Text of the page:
TACITUS, (Publius or Giaus) Cornelius

Born: Circa A.D. 56, in Comum, Italy

Died: Circa A.D. 120, in Romem, Italy

Little is known about Tacitus' early life, his family, or his ancestry. What little information is known was gathered from the remains of letters written to him by Pliny the younger. He grew up in comfortable circumstances and received a typical education, for the time, and entered a public career.

In A.D. 77, he married the daughter of Gnaeus Julius Agricola, a prominent politician of the time, and Tacitus' career benefited from his association with Agricola. He eventually rose to the consulship under emperor Nerva and delivered an inspiring oration at the funeral of Verginius Rufus, a famous soldier. The honor of being able to do so, illustrates the respect with which he was held in the empire.

His first written work was a biography of Agricola, De vita Julii Agricolae (The Life of Agricola) completed in A.D. 98. It not only described his friend's life, but provides a snapshot of life in Britain under Roman rule. Annales, completed in circa A.D. 119 was Tacitus' philosophy of history.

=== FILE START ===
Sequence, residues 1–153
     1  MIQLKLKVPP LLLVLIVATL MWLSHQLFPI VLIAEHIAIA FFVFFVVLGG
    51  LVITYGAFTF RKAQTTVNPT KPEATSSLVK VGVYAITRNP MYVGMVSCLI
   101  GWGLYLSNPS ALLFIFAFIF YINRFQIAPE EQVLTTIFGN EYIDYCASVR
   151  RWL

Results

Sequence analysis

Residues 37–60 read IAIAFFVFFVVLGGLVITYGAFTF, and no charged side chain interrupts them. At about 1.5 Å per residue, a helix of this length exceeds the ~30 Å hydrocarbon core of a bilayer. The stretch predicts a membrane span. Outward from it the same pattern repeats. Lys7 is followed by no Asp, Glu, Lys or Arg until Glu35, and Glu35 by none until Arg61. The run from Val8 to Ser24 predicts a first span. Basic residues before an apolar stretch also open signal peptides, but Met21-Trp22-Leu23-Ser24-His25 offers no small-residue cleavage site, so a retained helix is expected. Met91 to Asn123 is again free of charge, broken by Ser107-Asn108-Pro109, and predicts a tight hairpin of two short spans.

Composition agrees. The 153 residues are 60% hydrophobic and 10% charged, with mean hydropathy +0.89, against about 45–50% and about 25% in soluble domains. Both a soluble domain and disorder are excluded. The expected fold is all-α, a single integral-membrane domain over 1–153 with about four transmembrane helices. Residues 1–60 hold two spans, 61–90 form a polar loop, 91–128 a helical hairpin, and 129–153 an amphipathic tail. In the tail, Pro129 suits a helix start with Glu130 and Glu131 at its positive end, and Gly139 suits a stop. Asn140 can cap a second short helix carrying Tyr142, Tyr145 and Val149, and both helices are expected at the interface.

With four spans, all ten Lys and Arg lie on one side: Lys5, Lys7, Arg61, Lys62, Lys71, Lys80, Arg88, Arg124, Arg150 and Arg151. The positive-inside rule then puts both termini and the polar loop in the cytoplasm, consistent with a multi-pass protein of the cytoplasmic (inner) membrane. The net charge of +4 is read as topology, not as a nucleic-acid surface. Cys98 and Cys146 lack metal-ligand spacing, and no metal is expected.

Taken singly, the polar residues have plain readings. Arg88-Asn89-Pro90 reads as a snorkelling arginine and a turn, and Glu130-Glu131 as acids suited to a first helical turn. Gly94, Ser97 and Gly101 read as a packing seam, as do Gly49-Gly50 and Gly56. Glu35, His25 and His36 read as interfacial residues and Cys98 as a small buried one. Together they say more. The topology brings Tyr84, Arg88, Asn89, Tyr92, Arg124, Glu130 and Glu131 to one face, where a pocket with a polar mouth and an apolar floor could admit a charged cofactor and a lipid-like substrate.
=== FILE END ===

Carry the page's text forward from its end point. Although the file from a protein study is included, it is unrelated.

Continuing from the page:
The pinnacle of Tacitus' political career came in A.D. 112 when he attained the position of proconsulate of Asia, a top governmental position. Throughout this time, he continued to write and his work provides a broad view of the Roman empire in the first century.

Much of Tacitus' writings are descriptions of history and while they are sometimes flawed and prejudiced, they are still fascinating. Another work, outside the realm of history, was Dialogus de Oratoribus which is written in the Ciceronian style and mourns the deterioration of education and eloquence.